Now. Losses are likely to total in the thousands, with travel and tourism and manufacturing enduring much of them, Bostjancic says. The 3.5% unemployment rate, a 50-year low, could rise to 3.8% to 4.1%, says Diane Swonk, chief economist of Grant Thornton.
How long it lasts
Great Recession. With millions out of work and household and business spending decimated, the downturn lasted 18 months.
Now. Assuming the number of cases peak in the next few months and abates by summer, Swonk says any downturn is likely to last six months or so.
Great Recession. The economy contracted in five of six quarters during the slump, falling as much as 8.4% in late 2008.
Now. Most economists expect the virus to shave growth by 1 or 2 percentage points over the next couple of quarters.
The stock market
Great Recession: The stock market plummeted 57% during the crisis.
Now. The stock market hasn’t seen the same sizable drop that the broader market suffered in the depths of the financial crisis. The Standard & Poor’s 500 slid 14.9% from its Feb. 19 record through Tuesday, teetering on the brink of a bear market, or a drop of 20% from a peak.
Corporate financial health
Great Recession. Corporations had $5.8 trillion in rated debt as of March 31, 2009, according to S&P Global Ratings. Less than two-thirds, or about 65%, was investment grade, which ratings agencies determined was highly likely to be repaid.
A wide variety of companies, including financial institutions, automakers and retailers, collapsed as their revenue plunged. In the automotive sector, for example, manufacturers cut about 278,400 jobs, or about 29% of their collective workforce from January 2008 to January 2010, automakers and suppliers, according to the Bureau of Labor Statistics.
Now. Corporations had $9.3 trillion in rated debt in 2019, according to S&P Global Ratings. But a higher percentage of corporate debt today is considered to be investment grade at 72%.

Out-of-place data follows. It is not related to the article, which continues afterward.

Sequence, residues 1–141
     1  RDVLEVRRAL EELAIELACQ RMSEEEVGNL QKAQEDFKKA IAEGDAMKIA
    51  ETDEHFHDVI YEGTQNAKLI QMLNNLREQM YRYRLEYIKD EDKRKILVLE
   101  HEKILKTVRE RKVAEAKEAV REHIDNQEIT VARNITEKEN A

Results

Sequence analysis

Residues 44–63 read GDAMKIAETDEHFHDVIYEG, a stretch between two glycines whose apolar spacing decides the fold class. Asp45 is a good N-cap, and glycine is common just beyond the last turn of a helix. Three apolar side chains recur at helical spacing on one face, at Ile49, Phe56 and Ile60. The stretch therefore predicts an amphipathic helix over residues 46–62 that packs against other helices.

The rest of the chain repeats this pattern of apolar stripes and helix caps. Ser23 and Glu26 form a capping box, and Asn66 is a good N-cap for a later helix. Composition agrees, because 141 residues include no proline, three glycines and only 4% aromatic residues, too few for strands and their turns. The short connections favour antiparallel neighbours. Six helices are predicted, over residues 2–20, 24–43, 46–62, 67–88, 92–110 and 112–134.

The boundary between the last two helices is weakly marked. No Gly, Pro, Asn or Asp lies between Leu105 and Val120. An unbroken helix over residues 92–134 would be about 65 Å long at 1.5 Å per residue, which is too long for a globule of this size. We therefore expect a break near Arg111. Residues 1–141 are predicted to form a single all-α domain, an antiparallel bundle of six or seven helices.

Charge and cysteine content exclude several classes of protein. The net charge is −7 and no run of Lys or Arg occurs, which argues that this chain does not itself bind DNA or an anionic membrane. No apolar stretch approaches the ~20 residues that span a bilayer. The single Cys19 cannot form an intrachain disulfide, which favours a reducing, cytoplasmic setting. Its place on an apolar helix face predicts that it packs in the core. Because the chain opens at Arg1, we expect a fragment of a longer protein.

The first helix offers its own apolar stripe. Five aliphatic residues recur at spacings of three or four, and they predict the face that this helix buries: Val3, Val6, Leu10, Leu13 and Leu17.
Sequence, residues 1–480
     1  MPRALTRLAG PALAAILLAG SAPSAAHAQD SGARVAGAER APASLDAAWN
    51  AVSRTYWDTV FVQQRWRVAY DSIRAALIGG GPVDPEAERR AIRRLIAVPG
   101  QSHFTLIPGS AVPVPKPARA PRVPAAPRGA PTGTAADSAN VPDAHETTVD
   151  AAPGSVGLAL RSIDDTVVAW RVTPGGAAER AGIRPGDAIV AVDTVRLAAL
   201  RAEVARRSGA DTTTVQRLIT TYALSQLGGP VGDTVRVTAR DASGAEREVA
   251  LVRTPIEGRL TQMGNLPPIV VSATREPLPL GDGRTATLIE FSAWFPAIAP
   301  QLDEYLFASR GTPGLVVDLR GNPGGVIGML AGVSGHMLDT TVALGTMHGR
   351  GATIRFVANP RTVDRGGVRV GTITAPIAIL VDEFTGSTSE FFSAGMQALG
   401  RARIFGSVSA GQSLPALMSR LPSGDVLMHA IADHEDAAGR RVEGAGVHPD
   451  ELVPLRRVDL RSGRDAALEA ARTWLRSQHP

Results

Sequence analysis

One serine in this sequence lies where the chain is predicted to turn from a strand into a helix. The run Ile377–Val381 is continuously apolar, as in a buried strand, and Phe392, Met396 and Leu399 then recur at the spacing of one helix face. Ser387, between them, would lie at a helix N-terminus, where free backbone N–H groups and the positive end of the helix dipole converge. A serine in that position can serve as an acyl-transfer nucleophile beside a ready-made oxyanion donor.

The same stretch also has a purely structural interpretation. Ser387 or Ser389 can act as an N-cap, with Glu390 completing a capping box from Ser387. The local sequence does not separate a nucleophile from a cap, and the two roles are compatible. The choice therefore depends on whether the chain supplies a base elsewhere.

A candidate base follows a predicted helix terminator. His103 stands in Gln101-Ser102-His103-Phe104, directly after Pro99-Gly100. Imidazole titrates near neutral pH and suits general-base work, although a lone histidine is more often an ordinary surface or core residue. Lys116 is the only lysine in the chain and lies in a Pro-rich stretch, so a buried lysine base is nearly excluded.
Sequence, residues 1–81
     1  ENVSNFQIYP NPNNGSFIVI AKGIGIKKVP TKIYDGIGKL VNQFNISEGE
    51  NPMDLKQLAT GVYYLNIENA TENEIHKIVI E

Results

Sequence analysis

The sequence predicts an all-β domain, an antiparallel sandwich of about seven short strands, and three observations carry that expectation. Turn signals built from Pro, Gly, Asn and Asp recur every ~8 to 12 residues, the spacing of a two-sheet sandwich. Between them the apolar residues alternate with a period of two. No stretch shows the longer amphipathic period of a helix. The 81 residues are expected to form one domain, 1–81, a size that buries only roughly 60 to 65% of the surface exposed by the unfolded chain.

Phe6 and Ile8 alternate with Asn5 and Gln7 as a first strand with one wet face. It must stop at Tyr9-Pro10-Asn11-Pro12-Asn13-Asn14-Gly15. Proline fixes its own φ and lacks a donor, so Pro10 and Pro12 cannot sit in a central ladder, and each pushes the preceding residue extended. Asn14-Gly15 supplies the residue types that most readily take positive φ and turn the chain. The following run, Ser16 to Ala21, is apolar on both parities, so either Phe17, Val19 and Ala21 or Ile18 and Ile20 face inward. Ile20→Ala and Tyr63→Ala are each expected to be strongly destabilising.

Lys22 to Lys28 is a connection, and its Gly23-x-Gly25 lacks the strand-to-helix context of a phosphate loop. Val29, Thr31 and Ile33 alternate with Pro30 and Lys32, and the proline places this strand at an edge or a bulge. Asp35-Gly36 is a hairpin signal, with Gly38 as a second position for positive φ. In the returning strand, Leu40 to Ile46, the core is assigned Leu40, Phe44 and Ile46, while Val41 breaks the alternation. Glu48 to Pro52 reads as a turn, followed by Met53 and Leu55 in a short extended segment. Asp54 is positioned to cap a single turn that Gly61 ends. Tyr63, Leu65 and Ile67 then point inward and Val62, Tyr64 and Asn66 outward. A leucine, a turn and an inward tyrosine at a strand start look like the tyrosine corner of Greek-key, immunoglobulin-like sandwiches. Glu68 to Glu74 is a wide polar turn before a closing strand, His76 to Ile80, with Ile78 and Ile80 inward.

That said, conditions for repayment are clearly deteriorating. “The stress has been very, very quickly accelerating,” said Sudeep Kesh, head of credit markets research for S&P Global Ratings.
The major sector most likely to fail to make payments on time, as of 2019, was the automotive industry. Another sector facing significant risk is the retail industry, where department stores, mall-based retailers and many other shops have already been struggling.
Though the oil-and-gas sector is expected to be hit hard by the sharp decline in oil prices, the industry is heading into this crisis in decent shape.
Great Recession. The global financial crisis ushered in sweeping changes to how the U.S. government regulates the banking industry. The new era, which included the Dodd-Frank Act in 2010, required banks to have more cash in reserves to provide a cushion in case the financial system faced economic shocks.
In the U.S., banks with more than $100 billion in assets are required to take the Federal Reserve’s “stress tests,” a move that ensures financial firms have the capital necessary to continue operating during times of economic duress.
“We take comfort in the fact that the U.S. banking sector is very strong and healthy right now,” says Yung-Yu Ma, chief investment strategist at BMO Wealth Management.
To be sure, banks’ profitability could be threatened in the near term if they are forced to tighten lending standards. A historic drop in bond yields recently could pressure banks further because it tends to hurt their profitability.
Now. The magnitude of the challenges the economy faces aren’t as dire as the obstacles during the Great Recession, experts say. Stocks have weathered the storm during past epidemics. Experts say, however, that it is hard to draw parallels between the markets’ swift downturn now to past crashes.
“This isn’t a financial crisis,” says Jonathan Corpina, senior managing partner at broker-dealer Meridian Equity Partners. “This is a global epidemic. This isn’t a flaw in the system that we’re uncovering like the subprime mortgage debacle.”